Articles filed under General from Maryland
The town’s officials feel very strongly that this project was misrepresented to them because the size of the wind turbines has increased since the initial proposal, he said. The Maryland Public Service Commission may choose to rehear Ocean City’s case due to these material changes, he said.
A massive offshore wind development off Maryland's Atlantic coast could put marine life in danger and should undergo further study before construction starts, U.S. Rep. Andy Harris says.
In November 2011, then Maryland Governor O'Malley attended the ribbon-cutting ceremony for the 50kw wind turbine. By February, 2017 the turbine’s generator suffered a catastrophic failure. The repair cost was deemed too expensive to undertake.
A wind energy developer is seeking judicial review of the Maryland Public Service Commission’s decision denying its request to construct a 17-turbine wind farm atop Dan’s Mountain.
The Maryland Public Service Commission has sided with a public utility law judge’s order denying a wind-power developer’s request to construct a 17-turbine wind farm on Dan’s Mountain, effectively killing the project.
A public hearing held at Stephen Dacatur High School Tuesday, focused on what residents had to say regarding plans to build a meteorological tower in Ocean City.
In the 50-page opinion, Judge Dennis Sober wrote, “I find the evidence in support of the granting of a (Certificate of Public Convenience and Necessity) falls short of proving that the Project meets the standard of Public Convenience and Necessity. I find that the weight of the evidence pertaining to the location of the Project is more negative than positive in its persuasive value of creating benefits to (Kent County) and Maryland.”
CHESTERTOWN — At the Kent County Commissioners meeting Tuesday, Amy Moredock, director of planning, housing and zoning, gave a departmental update.
The Kent County News didn’t publish its first story about Apex’s wind-energy plans until March 2014—nearly two years after its representatives first began traversing the county, appearing on farmers’ doorsteps, and offering leases that by some estimates were worth about $30,000 a year in exchange for the opportunity to install 35 to 50 wind turbines, and possibly more, each about 500 feet tall. The News’ single-source story, which quoted Tyson Utt, a director of development at Apex, was written by editor Daniel Divilio, who says that it came about after Apex officials contacted the paper seeking publicity.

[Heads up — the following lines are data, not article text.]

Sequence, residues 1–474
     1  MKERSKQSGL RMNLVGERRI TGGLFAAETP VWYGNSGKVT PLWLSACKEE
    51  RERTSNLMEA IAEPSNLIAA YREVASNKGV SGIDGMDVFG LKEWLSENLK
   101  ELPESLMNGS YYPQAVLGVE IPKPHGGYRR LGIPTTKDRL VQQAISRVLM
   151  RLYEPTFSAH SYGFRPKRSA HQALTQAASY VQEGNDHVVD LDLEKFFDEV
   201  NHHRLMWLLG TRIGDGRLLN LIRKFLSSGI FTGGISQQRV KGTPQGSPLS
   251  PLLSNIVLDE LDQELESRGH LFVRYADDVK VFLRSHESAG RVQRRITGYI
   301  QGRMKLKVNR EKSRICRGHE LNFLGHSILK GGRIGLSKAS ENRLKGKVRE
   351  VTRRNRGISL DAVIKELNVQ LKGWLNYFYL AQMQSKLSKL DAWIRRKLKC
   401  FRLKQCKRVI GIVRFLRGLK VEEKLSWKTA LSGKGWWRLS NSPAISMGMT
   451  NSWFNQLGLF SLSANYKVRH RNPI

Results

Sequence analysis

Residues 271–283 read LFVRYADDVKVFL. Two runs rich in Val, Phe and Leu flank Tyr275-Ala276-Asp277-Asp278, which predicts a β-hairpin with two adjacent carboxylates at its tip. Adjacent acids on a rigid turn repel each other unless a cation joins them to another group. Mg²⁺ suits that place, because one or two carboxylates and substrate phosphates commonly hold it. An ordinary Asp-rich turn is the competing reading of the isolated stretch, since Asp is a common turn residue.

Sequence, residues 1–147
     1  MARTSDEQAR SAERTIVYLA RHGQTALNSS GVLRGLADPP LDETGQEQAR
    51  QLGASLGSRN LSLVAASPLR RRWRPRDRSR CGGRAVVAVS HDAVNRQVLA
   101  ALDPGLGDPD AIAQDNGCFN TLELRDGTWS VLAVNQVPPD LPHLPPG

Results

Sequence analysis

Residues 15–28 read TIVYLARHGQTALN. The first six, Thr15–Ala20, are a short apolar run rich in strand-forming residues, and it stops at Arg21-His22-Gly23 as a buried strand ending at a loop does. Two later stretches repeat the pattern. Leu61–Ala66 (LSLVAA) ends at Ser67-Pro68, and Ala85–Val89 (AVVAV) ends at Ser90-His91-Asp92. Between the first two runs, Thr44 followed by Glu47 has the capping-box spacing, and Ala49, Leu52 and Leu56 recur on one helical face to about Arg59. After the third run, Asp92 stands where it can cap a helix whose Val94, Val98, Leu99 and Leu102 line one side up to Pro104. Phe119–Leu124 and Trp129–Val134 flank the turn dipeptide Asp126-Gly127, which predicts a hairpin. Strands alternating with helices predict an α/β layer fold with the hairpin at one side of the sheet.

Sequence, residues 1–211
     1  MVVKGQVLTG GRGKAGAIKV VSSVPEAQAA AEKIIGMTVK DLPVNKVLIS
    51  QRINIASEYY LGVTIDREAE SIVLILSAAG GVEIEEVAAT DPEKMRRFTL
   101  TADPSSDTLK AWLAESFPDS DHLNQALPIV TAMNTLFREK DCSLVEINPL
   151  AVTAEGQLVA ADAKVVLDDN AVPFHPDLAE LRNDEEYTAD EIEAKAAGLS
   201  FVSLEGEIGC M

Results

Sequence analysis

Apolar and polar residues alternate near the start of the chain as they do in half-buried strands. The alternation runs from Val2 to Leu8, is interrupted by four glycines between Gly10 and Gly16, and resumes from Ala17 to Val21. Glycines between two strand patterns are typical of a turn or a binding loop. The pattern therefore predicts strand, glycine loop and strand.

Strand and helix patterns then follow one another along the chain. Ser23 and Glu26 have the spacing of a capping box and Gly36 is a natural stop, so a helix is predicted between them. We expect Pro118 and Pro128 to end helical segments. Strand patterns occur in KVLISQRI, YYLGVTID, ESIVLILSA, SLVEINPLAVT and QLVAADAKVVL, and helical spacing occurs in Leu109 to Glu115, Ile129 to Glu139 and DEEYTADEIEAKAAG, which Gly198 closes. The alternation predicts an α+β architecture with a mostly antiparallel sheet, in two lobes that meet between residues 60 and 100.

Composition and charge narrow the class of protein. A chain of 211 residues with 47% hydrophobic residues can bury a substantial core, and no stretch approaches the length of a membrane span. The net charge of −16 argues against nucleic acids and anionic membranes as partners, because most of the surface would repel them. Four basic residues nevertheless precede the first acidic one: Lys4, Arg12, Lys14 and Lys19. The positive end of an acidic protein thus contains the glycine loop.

The battle over a proposed wind farm on Dan's Mountain continues now that Allegany County and a citizens' organization have filed petitions with the state Public Service Commission to fight an attempt by wind project developers to circumvent a local zoning decision by going directly to the PSC.
On Monday, February 29, 2016, Allegany Neighbors & Citizens for Home Owners Right Limited (ANCHOR) filed a Motion to Intervene in the Dan’s Mountain Wind Force’s petition.
Dans Mountain Windforce LLC has filed for a Certificate of Public Convenience and Necessity with the Maryland Public Service Commission which, if approved, would allow the company to construct a 17-turbine wind farm on Dan's Mountain.
On Dec. 14, Mills Branch Solar LLC, a subsidiary of Charlottesville, Va.-based Apex Clean Energy, filed an application with the Maryland Public Service Commission for a 60-megawatt solar photovoltaic generating facility in the Chesterville area. The company seeks approval in time to begin construction in June and be online by the end of October, according to the filing.
The board voted unanimously Friday to deny an application from Dans Mountain Windforce LLC for variances and a special exception needed for the 17-turbine project.
Opponents of the project have previously said they are concerned about the viewshed, noise, electromagnetic interference and other issues. "This project will create an eyesore where the big business of tourism is a major economic driver," writes Champ Zumbrun of LaVale in a Letter to the Editor ... "Eight percent of the 38 million people who visit our state chose Western Maryland to enjoy its ancient mountains and diverse forested landscape."
An impressive lineup of speakers, county, town, and district representatives, along with over 150 interested community members crowded the Kennedyville Fire Station Thursday night to learn more about Apex Clean Energy’s study to build 25-35, 500-ft. wind turbines in the area.
Mike Wooton said the local zoning regulations were created by the community, reflecting what the community wants. He asked why Apex continues to push for the project in the face of community opposition, including the county commissioners and the state's General Assembly delegation.
Plans for the project seemed to be on hold when the company withdrew petitions to county planning officials for a special exception, variance and administrative modification in December. The special exceptions are required to locate a wind farm anywhere in the county, officials have said.
Watson said the project raises complicated questions, including potential effects on wildlife, health, conservation, farming, local planning and many others. She said renewable energy is important, but Kent County already has the highest per capita renewable energy production in Maryland, mostly from solar power generation.
Keep Kent Scenic and Queen Anne’s Conservation Association, two citizen-supported groups committed to farmland preservation, have created an alliance and entered into an agreement to cooperate in opposing the Apex industrial wind turbine project in Kent County.